There is the perplexity at my fury that my life experience is not considered more relevant than the opinionated pronouncements of men who make a pastime of informal observation, as if womanhood were an exotic locale which provides magnificent fodder for the amateur ethnographer. And there is the haughty dismissal of my assertion that being on the outside looking in doesn't make one more objective. It merely provides a different perspective.

That, however, cuts both ways: for what McEwan is surely saying isn't that the insider's perspective is merely different but that it is superior, privileged (as of course in some ways it is) and that therefore it must prevail - that to even engage in discussion is to concede the high ground. And that does not make for an inclusive conversation or a harmonious society. It is the victim-mentality embodied in multiculturalism and its offshoots: the claim that only a black person has a right to an opinion on the black experience, only a gay person can understand homophobia, only a Muslim can express an opinion about the Koran, only a Jew can criticise Israel. It leads to intellectual ghettoisation, in which arguments are never challenged, only reinforced, until eventually we stop speaking to each other.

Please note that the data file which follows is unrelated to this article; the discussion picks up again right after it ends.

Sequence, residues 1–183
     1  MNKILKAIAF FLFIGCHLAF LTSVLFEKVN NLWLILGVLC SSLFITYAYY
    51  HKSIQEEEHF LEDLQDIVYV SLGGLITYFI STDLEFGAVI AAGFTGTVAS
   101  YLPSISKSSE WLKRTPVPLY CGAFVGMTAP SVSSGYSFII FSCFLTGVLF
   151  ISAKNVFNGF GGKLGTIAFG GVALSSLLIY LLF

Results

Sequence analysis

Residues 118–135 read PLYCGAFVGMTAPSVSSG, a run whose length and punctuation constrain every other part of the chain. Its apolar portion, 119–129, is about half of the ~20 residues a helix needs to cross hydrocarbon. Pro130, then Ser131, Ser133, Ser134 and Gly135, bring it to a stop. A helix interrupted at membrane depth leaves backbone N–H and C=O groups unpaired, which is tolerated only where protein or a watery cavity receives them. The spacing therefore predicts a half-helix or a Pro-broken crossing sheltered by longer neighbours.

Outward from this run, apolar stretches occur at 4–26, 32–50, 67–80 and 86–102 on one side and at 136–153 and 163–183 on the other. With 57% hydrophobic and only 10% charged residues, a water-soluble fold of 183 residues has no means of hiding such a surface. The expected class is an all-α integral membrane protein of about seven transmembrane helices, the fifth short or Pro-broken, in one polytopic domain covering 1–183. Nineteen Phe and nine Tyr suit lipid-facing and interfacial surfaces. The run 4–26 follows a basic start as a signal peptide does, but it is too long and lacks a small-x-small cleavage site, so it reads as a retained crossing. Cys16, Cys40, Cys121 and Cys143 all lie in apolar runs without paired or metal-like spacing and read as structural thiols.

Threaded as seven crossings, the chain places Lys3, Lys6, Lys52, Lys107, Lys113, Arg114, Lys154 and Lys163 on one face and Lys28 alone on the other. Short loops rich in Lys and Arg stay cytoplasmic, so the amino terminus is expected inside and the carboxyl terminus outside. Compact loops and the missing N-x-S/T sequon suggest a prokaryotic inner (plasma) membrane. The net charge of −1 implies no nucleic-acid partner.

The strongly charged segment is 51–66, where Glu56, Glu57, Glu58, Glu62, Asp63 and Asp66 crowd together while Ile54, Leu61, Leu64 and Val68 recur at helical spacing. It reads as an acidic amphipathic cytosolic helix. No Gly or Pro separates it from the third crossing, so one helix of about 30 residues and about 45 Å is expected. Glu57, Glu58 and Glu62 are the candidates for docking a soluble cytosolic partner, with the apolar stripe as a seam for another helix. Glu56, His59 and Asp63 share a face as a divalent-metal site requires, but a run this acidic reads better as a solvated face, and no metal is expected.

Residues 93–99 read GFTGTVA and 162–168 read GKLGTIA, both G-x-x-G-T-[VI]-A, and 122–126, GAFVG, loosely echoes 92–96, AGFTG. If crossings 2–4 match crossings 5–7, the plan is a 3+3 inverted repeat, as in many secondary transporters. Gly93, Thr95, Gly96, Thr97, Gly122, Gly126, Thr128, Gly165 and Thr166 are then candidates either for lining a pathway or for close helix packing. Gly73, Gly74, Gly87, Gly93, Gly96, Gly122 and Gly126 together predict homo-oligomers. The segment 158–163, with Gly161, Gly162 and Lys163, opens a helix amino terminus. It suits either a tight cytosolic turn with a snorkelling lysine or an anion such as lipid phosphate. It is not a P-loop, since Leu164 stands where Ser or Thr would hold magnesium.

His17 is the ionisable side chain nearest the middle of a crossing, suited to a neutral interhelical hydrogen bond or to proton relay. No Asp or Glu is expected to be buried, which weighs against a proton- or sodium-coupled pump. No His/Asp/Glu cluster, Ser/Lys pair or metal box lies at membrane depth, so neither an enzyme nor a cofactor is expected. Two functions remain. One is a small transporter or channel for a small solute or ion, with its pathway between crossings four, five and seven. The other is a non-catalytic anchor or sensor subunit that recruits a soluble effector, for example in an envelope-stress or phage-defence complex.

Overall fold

Now oddly enough McEwan does have some sort of point, though she doesn't make it at all well. The kernel of truth in her argument is this: she does know a great deal more about feminism than the men who casually try to engage her in debate. What to her (stereotypically male) interlocutors might seem good points (because any debating point seems brilliant at the moment it occurs to you) are from her point of view tired old arguments that the high priestesses of feminism dealt with long before she or her sparring partner were born. Any system of thought - religion, philosophy, politics, science - creates its own logical universe, its own modes of discourse, language and assumptions which insiders take for granted. And the whole mystery cannot be revealed at once. Just as in Scientology the information about Xenu is too deep for neophytes to grasp, so feminist concepts that seem patently barking to outsiders (mainly, but not exclusively, men) will turn out - to anyone who bothers to study the subject properly - to be the result of hard and thorough intellectual effort carried out over decades. So it is naturally aggravating to have some outsider muscling in on "your" intellectual terrain, acting like they have all the answers or can prick all your balloons.